How COVID-19 Compares to the Spanish Flu
As we’re now faced with our very own contagion in 2020, there’s a lot we can learn by looking at the past.
It’s eerie to think about how just over 100 years ago, the world was in the midst of a different global pandemic. The Spanish flu took the lives of 20 to 50 million people, making it one of the worst viral outbreaks in human history. To put it into perspective, the Spanish flu killed around five percent of the planet’s entire population and wiped out more people than WWI. As we’re now faced with our very own contagion in 2020, there’s a lot we can learn by looking at the past.
The Spanish Flu
The Spanish flu occurred between January 1918 to December 1920, infecting 500 million people from numerous countries around the world. The origins of this specific strain of H1N1 influenza remain widely unknown, although there are suspected beginnings. These range from an animal farm in the American Midwest to Chinese labourers. Many cite a military camp in Kansas as the epicentre that helped spread the virus through the United States and Europe. Regardless of how this devastating virus began, WWI and troops travelling to Europe definitely played a huge role.
Despite a discrepancy over where the virus actually began, the Spanish flu did not originate in Spain. During WWI, several countries had wartime news censorship rules in place. Since Spain was a neutral power, they were not subjected to these restrictions like the vast majority of other European countries. Spain was one of the very first countries to report the flu, which is why many believe it started there. Thus, the name "Spanish flu" was born.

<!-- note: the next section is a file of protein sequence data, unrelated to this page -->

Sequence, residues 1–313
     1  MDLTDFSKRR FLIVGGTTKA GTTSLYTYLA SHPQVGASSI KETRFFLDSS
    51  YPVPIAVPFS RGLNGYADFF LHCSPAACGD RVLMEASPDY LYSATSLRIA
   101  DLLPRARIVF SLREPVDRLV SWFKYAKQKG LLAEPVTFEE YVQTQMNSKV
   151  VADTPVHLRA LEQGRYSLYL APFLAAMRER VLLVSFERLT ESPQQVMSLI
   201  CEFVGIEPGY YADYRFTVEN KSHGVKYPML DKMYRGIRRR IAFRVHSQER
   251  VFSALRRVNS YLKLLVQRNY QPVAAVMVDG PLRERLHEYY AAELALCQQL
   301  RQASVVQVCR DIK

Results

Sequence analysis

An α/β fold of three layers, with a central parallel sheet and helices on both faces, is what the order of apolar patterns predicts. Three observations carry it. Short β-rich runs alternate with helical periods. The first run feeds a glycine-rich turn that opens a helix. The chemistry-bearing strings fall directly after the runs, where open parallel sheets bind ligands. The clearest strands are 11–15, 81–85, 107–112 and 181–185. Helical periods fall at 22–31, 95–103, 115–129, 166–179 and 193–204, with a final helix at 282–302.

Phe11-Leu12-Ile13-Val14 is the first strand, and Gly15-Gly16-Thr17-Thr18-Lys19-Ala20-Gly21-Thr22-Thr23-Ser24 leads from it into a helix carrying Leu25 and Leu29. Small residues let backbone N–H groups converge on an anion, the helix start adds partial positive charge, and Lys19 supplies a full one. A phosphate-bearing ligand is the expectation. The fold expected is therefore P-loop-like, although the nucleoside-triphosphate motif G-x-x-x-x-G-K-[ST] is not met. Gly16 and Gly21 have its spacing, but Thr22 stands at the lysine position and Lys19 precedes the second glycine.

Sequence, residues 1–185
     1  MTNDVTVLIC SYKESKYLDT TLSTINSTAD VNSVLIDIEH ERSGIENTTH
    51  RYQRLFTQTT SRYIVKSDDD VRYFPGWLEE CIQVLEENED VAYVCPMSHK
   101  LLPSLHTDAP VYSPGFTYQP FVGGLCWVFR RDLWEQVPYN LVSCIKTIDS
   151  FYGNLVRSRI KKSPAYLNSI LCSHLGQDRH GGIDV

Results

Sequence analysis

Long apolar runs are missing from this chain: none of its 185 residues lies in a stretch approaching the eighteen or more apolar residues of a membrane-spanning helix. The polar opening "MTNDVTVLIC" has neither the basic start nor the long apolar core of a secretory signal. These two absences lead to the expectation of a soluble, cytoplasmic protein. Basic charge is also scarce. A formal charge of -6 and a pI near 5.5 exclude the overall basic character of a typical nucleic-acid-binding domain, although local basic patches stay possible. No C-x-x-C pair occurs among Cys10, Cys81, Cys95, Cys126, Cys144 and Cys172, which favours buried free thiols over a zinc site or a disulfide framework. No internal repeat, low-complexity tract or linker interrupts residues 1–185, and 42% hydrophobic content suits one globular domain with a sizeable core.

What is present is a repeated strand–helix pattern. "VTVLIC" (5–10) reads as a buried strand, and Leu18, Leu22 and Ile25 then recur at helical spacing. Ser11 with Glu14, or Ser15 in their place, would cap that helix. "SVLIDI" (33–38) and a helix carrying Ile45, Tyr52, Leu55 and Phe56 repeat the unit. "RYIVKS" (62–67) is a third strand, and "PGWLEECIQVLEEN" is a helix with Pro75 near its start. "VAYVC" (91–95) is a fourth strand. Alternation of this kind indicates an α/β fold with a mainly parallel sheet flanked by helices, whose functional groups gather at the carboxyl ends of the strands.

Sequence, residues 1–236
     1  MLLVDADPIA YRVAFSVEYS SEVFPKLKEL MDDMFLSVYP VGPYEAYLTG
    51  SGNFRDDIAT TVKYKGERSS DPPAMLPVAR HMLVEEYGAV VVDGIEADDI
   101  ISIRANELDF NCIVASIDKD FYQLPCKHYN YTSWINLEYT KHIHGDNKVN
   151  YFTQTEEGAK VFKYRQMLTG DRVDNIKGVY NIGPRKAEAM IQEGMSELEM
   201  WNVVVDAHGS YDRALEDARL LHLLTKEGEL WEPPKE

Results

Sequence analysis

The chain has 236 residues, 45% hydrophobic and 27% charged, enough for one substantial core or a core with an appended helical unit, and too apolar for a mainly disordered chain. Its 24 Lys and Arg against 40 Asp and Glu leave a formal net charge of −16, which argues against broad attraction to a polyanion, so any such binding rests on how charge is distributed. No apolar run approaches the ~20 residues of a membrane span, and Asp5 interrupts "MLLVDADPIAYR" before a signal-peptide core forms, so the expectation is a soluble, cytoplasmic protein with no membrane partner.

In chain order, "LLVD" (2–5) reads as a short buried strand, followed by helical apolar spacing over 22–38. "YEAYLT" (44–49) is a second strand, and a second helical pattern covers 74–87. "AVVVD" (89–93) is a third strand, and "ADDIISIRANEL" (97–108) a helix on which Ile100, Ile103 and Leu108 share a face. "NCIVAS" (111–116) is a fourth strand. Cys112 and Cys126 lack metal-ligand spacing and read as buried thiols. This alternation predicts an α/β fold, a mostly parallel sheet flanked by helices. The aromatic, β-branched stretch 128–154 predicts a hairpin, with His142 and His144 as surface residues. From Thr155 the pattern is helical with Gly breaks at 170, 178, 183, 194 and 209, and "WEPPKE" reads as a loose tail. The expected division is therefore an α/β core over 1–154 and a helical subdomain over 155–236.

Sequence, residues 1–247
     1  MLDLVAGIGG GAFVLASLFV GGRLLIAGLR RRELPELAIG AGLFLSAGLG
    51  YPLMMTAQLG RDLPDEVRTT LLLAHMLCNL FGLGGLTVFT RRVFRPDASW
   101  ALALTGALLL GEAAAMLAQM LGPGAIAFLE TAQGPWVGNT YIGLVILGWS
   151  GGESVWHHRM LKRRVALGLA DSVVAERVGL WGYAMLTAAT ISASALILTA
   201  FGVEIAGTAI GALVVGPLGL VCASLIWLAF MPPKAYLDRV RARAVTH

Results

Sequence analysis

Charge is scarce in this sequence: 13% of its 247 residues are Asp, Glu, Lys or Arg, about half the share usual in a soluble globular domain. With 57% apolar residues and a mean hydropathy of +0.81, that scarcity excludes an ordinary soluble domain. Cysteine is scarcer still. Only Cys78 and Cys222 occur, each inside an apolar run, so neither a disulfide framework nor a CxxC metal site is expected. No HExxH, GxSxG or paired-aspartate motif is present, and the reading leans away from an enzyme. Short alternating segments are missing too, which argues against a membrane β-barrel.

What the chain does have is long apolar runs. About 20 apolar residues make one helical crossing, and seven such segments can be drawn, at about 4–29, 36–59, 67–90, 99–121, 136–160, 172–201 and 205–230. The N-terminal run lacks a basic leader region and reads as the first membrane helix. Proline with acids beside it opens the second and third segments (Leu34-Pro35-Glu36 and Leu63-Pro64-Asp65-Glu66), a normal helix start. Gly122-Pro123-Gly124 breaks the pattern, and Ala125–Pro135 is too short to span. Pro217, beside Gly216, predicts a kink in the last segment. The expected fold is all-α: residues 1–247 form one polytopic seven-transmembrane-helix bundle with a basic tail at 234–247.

At the time, there were no proper vaccines or drugs to use as treatments, meaning other measures had to be put in place to stop the spread of this deadly virus. Citizens were ordered to wear masks, non-essential businesses were forced to close, and a new normal was underway.
The symptoms of the Spanish flu were a high fever, chills, and some fatigue. During the first wave, the number of deaths remained low as many recovered after a handful of days. At that point, the flu was only fatal to the very young and old. The second wave saw a huge spike in cases, as relatively healthy people between the ages of 25- to 35-years-old were now suffering.
It also wasn’t until the deadly second wave in the fall of 1918 that victims were dying within hours of developing symptoms. Most of the time, their skin would turn blue, and their lungs would fill with fluid, causing them to suffocate. The mass movement of American troops to Europe during WWI was the main argument as to why the second wave occurred. At its peak, the Spanish flu was killing hundreds of thousands of people each day.
The lack of civilian quarantines allowed the flu to spread in communities, as public health officials were wary of supporting such drastic measures during wartime. A shortage of nurses and doctors assisting in the First World War was also detrimental in how certain countries were able to cope with the virus.